In Newman v. Socata, the U.S. District Court for the Middle District of Florida explains that a state ban on so-called “educational malpractice” claims does not extend to negligence and breach of contract allegations against a private airplane pilot training company.

Mr. Milot was killed along with two passengers in a tragic plane crash when the Socata TBM 700B aircraft he was piloting missed an approach at a regional airport in Massachusetts. The crash appeared to be caused by a “torque roll,” which the court described as “a roll to the left upon an increase in engine power such as would occur during a missed approach.” The TBM 700B was known to have a propensity for torque rolls. The personal representative of Milot’s estate sued Simcom, the company that trained Milot to fly the planes, alleging that it did not warn Milot that increasing engine power during an approach could cause a torque roll.

Simcom countered by arguing that the breach of contract and negligence claims were simply dressed up educational malpractice claims, which are barred in Florida. The Middle District disagreed, denying the company’s motion to dismiss the suit and finding that the ban on these claims does not extend to private, for-profit companies whose alleged breach of a duty owed to a student turned fatal.

While the state Supreme Court has not directly ruled on the issue, the court looked to prior decisions to conclude that the educational malpractice ban is limited to more traditional school settings. “The Supreme Court of Florida would likely refuse to recognize educational malpractice claims against academic institutions–public or private–arising from their delivery of general academic instruction,” the court said.

The court further observed that similar bans have been extended to claims of breach of duty in instructing pilots in some states (Missouri and South Dakota), while others have declined to apply the ban under the same circumstances (Texas and New York).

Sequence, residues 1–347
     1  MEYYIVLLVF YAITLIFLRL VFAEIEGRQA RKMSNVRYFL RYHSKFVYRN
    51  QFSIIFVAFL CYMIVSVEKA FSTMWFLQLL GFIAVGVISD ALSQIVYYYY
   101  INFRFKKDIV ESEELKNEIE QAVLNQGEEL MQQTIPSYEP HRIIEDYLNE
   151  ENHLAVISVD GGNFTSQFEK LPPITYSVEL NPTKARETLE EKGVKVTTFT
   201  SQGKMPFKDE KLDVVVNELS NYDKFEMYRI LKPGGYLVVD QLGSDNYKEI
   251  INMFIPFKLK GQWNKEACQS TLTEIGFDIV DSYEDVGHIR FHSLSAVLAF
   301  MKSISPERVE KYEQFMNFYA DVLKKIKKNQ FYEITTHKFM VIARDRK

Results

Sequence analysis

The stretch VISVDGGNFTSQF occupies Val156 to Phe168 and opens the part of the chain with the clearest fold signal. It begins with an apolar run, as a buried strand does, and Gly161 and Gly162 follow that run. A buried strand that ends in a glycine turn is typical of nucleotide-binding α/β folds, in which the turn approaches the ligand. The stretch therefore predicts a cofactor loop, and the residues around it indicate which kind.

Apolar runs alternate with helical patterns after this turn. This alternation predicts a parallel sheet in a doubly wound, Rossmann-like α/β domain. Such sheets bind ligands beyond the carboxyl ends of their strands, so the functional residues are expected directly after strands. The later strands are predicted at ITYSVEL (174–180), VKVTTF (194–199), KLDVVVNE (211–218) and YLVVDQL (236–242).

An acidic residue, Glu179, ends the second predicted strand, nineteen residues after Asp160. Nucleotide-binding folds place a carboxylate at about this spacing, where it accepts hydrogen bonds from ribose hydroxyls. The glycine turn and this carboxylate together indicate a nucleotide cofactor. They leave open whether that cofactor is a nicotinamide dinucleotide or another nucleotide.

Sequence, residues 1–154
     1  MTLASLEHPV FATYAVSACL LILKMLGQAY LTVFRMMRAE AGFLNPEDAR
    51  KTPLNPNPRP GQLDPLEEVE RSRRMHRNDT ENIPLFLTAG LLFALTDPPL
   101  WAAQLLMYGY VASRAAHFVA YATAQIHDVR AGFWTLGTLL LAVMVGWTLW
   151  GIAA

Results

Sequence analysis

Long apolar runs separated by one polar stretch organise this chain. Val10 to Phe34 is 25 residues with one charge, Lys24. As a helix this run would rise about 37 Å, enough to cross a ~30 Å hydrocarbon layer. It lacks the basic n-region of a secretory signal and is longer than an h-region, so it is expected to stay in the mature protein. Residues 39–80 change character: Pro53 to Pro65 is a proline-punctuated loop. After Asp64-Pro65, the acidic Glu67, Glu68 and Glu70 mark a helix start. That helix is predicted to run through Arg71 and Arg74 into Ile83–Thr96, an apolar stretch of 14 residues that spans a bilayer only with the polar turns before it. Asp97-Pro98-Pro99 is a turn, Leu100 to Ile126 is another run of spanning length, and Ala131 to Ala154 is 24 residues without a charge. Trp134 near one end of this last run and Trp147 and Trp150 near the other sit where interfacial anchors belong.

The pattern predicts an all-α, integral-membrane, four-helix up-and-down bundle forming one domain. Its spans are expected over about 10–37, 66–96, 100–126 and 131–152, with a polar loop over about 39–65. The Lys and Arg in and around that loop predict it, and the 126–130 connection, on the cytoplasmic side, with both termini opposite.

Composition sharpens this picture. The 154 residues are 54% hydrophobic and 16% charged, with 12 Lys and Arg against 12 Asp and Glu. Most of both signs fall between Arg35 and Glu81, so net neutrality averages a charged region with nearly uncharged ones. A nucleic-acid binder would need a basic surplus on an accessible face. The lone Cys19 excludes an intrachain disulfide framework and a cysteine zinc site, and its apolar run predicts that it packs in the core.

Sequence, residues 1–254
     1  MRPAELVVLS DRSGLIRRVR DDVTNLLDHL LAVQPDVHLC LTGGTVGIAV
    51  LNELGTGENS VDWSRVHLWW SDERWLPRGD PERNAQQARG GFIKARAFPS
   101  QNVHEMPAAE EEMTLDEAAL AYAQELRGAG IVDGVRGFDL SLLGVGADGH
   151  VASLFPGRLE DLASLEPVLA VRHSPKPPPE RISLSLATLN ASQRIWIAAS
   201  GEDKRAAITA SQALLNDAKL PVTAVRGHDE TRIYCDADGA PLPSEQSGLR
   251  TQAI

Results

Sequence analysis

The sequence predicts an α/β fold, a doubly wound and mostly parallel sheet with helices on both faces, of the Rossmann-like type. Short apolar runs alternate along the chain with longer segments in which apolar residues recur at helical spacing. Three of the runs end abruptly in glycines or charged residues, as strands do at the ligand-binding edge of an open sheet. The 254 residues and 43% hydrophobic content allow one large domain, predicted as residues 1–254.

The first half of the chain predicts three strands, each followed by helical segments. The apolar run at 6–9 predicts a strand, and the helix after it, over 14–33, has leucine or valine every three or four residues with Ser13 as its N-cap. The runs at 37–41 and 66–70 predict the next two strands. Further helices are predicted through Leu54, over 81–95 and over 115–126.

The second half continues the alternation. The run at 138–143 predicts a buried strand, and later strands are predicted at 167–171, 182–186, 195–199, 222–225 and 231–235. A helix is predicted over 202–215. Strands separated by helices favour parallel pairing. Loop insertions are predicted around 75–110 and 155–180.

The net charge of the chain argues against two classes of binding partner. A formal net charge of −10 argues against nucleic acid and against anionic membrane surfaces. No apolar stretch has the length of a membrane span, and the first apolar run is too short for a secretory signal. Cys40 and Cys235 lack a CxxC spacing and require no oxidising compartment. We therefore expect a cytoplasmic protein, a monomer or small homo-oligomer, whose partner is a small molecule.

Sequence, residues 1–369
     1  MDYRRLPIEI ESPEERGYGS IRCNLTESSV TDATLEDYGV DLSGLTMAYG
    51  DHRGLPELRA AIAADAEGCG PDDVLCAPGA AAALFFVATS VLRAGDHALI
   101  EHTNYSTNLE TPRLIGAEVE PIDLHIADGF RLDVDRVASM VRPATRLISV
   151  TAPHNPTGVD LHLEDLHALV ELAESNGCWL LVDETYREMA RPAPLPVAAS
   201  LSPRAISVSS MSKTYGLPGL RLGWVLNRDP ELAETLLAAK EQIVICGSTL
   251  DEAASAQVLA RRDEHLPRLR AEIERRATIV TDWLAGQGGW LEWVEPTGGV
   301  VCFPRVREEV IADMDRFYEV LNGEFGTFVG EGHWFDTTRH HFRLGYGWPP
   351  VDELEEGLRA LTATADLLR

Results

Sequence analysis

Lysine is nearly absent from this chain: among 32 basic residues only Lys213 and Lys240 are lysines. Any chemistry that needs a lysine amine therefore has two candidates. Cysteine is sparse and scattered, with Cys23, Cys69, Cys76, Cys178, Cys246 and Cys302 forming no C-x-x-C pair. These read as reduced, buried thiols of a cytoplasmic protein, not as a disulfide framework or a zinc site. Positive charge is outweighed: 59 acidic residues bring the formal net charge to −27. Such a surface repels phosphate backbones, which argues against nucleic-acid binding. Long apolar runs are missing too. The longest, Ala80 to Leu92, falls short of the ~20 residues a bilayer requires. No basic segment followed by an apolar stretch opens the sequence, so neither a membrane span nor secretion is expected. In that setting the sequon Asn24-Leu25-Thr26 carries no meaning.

In Dep’t of Health & Rehabilitative Servs. v. B.J.M., the Florida Supreme Court cited policy reasons related to the separation of government powers in denying a negligent training and education claim against a state agency. In other words, according to the B.J.M. court, it was not appropriate to second guess resource allocation decisions by a state agency. The B.J.M. court also cited other public policy considerations, such as not wanting to micromanage the education process and the lack of readily acceptable duty of care standards.

In the present matter, the Middle District said these policy concerns simply did not apply. “The public policy considerations that are relied upon to bar traditional educational malpractice claims do not carry over to the flight training setting, at least not on the facts of this case,” the court explained.

The South Florida personal injury attorneys at Anidjar & Levine frequently represent people injured in aviation accidents. If you or a loved one was recently involved in a commercial or private airplane crash, call 800-747-3733 or contact us online for a free consultation.

Related blog posts:

The Role of Florida’s Dangerous Instrumentality Doctrine in Personal Injury Cases Involving Plane Crashes – Vreeland, etc. v. Ferrer, etc., et al.

In Order to Recover Damages for Personal Injury, First You Must Know Which Laws Apply – Schippers v. US

Suing an Out-of-State Company for Personal Injury in Florida – Oldock v. DL&B Enterprises, Inc.